Alvin H. Danenberg, DDS • Nutritional Periodontist
February 27, 2017
The most obvious signs of gum disease are bleeding gums and gum infection. The most obvious causes are unhealthy clumps of dental plaque around the gum margin and irritating tartar located under the gums. I’ve written about dental plaque and dental tartar in the past. But, before there is unhealthy dental plaque and irritating tartar, there usually was something bad going on in the gut.
Something makes the normal level of healthy bacteria in the gut become out-of-balance. The bad microbes become “bullies”. They start to overwhelm the garden of healthy gut bacteria. These “bullies”, along with remnants of undigested foods and toxic irritants, can damage the one-cell-layer-thick gut lining. Once this lining is breached, these irritants can leak into the blood system. Then, cascading problems develop:
- The immune system gets out of control
- Chronic inflammation begins circulating throughout the body
- Other organs become damaged
- The bacteria in the mouth start to change for the worse
The obvious and necessary treatment for unhealthy gums includes removing the unhealthy plaque and the irritating tartar. But, that is not all that needs to be done. In addition, the gut must be made healthy; and nutrient-dense, anti-inflammatory foods must be introduced into the diet to replace bad food choices.
But after all this, what if gum diseases still persist? What could be the causes of further gum bleeding and gum infection? The answer might be that stubborn and virulent microbes still are playing havoc under the gums. These bad guys could leak into the blood system, creating problems throughout the body. Let’s take it to the next step.
Brad Wilson, DDS from Houston, TX has been doing cutting-edge research with PathoGenius Laboratory. Dr. Wilson has created a protocol to discover the bad bugs that continue to be out-of-control in the mouth. I am using this test to investigate those bad guys in my patients’ mouths.
The protocol begins with the patient brushing into his or her gum tissues. This will loosen dental plaque. Then the patient will give a saliva sample. Next, the sample is sent to PathoGenius Laboratory, which will test the saliva for microbes.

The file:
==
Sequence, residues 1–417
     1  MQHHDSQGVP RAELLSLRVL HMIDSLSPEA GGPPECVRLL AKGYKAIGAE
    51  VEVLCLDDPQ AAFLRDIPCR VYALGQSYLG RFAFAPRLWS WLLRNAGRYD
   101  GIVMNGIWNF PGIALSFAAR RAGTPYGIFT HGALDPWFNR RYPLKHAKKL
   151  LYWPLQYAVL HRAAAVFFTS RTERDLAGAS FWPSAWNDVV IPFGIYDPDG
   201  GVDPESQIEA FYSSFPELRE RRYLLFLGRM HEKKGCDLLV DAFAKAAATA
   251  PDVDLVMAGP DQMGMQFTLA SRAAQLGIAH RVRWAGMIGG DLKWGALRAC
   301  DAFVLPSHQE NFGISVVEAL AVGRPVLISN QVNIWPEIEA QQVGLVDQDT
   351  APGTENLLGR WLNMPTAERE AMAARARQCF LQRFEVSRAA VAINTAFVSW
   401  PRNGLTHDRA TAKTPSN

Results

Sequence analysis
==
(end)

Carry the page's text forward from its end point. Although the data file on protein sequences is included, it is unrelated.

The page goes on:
This innovative analysis determines ALL bacteria and yeast species in the sample using each bug’s unique DNA structure. The resulting lab report identifies the most harmful, disease-producing bugs in the mouth. The report also points out antibiotics that could kill the bad guys with minimal harm to the good bacteria. It is important to avoid a broad-spectrum antibiotic, which kills bad as well as good bacteria. Only the bad guys should be targeted, leaving the healthy bacteria to function normally.
If the lab results show harmful bacteria detected in large numbers, the patient moves on to the next stage to destroy them.
Methods to kill the bad bugs
If there are no deep pockets of bacteria and if there is no advanced jawbone destruction, I will recommend an antimicrobial to destroy these bad bugs. Choices are a systemic antibiotic or a localized antibiotic as suggested by PathoGenius Laboratory. Sometimes I recommend a natural product like raw honey to eliminate the bad bugs. I have written about the medical benefits of raw honey several times. (HERE. HERE. HERE.)
However, if gum infection is advanced and significant bone destruction has occurred around the teeth (known as periodontitis), I recommend a unique laser protocol called LANAP® (Laser Assisted New Attachment Procedure). LANAP will destroy any remaining harmful bacteria and will assist the body in regenerating new bone.
Gum disease is usually the direct result of unhealthy clumps of dental plaque and buried tartar under the gums. Deep tartar irritates the gum areas like embedded splinters irritate the skin of a finger. Unhealthy plaque and irritating tartar need to be removed. But, nutrient-dense foods and a healthy gut are critical for ongoing health of the mouth. I teach my patients how to change their diet to improve their mouth and to improve the rest of their body.
If there are any significant amounts of pathogenic bacteria in the mouth, they must be identified and eliminated. Bacteria-specific antibiotics or natural remedies may be necessary to reduce these bad guys. In advanced periodontal disease, not only resistant bad bugs need to be destroyed but also damaged jawbone needs to be regenerated. For the patient with advanced periodontal disease, the LANAP protocol has been documented to be an excellent treatment to return the area to health. LANAP is my choice of treatment for patients with this level of periodontitis.